U.N. agencies have pulled out almost all of their staff and are instead giving aid to those in calmer areas. The International Red Cross still has workers in the area and say they are attempting to take care of 16,000 people.
From this IRIN story that we found at Reuters Alert Net, we read more about the battle in Yemen.
Aid organizations are finding it increasingly difficult to help civilians in the northern Yemeni governorate of Saada after renewed clashes there between the army and the al-Houthi Shia rebels.
"Saada is an active, armed confrontation with a very volatile security situation, so the World Food Programme [WFP] has to carefully balance staff security on one side and its mandate to assist affected people [on the other]," Gian Carlo Cirri, WFP's Yemen representative, told IRIN.
Fighting in Saada flared up again on 12 August. Aerial bombardments of Houthi strongholds in Saada have forced many to flee into neighbouring governorates.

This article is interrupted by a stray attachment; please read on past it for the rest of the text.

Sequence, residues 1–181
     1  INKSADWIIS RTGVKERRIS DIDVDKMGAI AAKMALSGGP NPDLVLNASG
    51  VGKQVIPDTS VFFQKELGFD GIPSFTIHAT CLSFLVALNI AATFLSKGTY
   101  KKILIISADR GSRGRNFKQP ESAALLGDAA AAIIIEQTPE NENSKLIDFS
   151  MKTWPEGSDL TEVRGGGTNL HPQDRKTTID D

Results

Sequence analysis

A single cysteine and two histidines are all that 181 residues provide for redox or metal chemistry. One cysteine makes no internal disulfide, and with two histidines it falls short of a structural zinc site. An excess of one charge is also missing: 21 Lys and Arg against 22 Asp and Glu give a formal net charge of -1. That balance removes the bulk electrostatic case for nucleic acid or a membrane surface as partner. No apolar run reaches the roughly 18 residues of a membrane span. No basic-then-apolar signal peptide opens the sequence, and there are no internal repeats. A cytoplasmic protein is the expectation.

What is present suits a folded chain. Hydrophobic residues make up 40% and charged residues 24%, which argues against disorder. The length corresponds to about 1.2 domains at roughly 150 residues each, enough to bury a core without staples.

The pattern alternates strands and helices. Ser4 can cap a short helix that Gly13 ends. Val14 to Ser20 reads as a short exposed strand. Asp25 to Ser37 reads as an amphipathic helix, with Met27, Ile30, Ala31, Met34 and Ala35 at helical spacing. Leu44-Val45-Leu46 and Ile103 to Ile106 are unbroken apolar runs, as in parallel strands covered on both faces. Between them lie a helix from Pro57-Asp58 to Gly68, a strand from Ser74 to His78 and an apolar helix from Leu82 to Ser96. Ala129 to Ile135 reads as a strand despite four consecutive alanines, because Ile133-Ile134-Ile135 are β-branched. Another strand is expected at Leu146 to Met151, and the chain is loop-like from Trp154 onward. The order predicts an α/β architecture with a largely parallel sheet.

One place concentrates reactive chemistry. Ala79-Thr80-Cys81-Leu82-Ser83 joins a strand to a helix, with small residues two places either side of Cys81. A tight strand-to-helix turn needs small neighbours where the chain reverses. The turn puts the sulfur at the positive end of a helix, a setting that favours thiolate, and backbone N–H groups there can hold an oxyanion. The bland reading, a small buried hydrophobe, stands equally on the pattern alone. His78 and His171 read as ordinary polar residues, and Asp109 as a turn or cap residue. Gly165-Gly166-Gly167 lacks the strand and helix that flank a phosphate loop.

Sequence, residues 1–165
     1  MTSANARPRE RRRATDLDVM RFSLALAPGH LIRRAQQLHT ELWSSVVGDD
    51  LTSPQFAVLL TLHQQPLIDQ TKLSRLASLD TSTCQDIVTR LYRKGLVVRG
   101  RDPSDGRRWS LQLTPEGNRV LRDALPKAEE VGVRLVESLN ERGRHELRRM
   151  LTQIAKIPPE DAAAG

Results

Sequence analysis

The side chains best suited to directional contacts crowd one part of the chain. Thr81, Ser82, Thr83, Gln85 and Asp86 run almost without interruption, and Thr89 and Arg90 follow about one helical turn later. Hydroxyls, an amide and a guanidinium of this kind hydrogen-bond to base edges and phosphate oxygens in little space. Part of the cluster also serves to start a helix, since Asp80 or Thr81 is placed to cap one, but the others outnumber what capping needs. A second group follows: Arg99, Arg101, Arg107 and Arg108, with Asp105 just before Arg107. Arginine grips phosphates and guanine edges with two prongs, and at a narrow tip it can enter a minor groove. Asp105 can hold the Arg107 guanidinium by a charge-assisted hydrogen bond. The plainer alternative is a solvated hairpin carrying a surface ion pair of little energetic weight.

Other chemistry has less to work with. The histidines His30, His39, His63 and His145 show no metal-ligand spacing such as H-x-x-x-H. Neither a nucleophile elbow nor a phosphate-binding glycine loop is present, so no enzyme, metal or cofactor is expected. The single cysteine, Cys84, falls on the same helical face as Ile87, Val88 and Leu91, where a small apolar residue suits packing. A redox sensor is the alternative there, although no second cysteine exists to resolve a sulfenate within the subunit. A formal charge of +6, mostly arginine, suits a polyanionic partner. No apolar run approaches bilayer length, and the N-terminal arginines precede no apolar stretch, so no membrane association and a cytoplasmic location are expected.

According to UN agencies, there are some 150,000 internally displaced persons (IDPs) in Saada and the governorates of al-Jawf, Hajjah and Amran as a result of the conflict.
The Yemeni Red Crescent (YRC) and the International Committee of the Red Cross (ICRC) are the only two organizations running IDP camps in Saada Governorate, according to Abbas Zabarah, secretary-general of the YRC.
Other international NGOs are also working in the region, but with great difficulty because of the insecure roads in and out of Saada.
"The difficulties of travelling the main roads hinder access to the population, and especially the injured, [and] to health structures," said a recent statement by Médecins Sans Frontières.